"And apologize, too," Stacey said.

"Let's add that. Apology. Apologize. You've done something wrong to somebody, don't pretend, you know, that it didn't happen. Then talking about generations ago and talking about in this generation because what my father says, what's past is dead and gone. So let all of that other stuff go and just be responsible for what you've done in your life."

"I completely understand that," Clute said.

"So many non-Native people don't know there's something to heal from."

"Yeah, that's true," Stacey said.

"You have to help educate them about the past, the wrongs of the past, the intentional wrongs of the past and that they're not all in the past," Clute said.

"For me, my life is so different, my role is so different from your world. So, I think part of my obligation is to probe that past and expose it."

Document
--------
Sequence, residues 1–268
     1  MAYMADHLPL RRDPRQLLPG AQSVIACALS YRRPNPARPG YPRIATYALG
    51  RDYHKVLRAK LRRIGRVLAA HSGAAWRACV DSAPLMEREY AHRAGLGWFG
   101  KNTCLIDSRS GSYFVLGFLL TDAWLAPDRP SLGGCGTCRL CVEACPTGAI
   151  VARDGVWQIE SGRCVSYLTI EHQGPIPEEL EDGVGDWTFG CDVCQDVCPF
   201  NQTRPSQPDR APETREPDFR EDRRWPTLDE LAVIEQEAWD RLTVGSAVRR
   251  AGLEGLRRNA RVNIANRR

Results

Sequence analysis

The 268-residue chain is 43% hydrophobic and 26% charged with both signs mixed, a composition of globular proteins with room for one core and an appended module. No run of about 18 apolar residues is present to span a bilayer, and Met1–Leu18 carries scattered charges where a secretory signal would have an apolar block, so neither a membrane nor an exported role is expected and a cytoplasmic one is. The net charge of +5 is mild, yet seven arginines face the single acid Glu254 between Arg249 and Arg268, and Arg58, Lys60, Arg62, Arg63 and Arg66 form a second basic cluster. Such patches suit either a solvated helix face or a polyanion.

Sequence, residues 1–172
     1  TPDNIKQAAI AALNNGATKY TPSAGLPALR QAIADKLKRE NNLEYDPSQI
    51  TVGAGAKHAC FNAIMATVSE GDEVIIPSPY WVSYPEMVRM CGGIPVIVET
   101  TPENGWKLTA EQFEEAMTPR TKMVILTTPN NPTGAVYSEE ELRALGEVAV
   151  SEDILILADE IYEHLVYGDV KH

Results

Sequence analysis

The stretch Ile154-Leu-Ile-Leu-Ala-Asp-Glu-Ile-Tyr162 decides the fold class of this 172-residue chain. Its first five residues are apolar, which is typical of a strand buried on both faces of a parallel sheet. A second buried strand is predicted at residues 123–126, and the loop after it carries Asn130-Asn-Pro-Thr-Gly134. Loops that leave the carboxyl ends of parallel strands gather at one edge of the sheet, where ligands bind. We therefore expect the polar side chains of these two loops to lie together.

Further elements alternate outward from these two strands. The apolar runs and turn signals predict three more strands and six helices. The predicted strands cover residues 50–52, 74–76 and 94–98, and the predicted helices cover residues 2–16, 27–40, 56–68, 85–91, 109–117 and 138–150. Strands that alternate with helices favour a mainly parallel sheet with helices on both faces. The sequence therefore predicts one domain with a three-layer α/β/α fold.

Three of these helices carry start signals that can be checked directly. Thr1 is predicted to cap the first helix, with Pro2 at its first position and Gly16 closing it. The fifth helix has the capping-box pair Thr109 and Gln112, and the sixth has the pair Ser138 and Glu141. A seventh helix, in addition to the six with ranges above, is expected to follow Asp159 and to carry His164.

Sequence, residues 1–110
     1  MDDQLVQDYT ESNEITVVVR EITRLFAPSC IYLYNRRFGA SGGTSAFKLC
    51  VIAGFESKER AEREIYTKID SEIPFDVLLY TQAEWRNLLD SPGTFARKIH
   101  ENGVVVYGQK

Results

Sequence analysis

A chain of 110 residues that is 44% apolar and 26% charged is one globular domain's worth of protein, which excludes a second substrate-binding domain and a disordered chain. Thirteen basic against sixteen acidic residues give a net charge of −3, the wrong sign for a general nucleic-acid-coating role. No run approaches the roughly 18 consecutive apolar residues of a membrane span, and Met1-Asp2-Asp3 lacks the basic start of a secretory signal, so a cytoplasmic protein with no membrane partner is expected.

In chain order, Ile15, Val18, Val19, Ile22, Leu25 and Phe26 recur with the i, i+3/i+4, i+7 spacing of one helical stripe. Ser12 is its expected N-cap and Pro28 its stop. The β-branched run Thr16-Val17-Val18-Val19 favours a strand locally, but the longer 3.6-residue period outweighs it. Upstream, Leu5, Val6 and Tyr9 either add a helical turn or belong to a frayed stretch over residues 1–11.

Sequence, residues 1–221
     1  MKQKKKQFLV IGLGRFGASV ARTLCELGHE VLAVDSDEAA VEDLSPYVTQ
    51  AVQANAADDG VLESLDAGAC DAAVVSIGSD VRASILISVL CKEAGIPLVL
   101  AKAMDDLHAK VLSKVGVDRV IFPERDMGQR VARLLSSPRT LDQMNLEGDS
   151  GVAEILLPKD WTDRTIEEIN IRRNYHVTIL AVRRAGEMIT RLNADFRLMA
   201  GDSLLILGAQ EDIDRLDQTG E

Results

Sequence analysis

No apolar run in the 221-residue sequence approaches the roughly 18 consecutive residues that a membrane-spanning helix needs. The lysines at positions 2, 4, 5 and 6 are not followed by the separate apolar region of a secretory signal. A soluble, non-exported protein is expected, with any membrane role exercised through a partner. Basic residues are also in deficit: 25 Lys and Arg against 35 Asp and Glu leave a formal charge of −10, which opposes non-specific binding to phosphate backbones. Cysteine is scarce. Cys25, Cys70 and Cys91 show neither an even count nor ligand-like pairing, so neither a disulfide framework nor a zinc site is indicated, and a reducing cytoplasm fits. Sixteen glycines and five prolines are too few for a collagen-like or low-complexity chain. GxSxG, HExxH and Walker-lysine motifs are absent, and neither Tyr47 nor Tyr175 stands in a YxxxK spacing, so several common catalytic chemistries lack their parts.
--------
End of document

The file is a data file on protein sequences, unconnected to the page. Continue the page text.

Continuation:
"It's equally hard, Penny, because the healing for the Natives is almost like wanting to forget," Stacey said.

"Right? We wanted so desperately generation after generation to let that go. But then if people do not know, like this whole deep secret with the residential schools, it's like ripping a wound wide open for all of us."

Carey led a moment of silence and reflections of the stain of antisemitism in light of the pain and suffering of the Jewish community after last Saturday's 11-hour hostage standoff at the Congregation Beth Israel synagogue in Colleyville, Texas.


Outside Art co-founders Julia Devine and Amy Guglielmo submitted a statement read by Carey. (SEE BOX).

Outside Arts' slide presentation ended with a 4th of July 2021 photograph of Anderson's family — his wife, two daughters, sister, and grandnephew — posing with the Plattsburgh State Gospel Choir, who were captured in a short clip from Mountain Lake PBS.

For Anderson's family, this was their first return to Plattsburgh since their departure after the Columbia tragedy.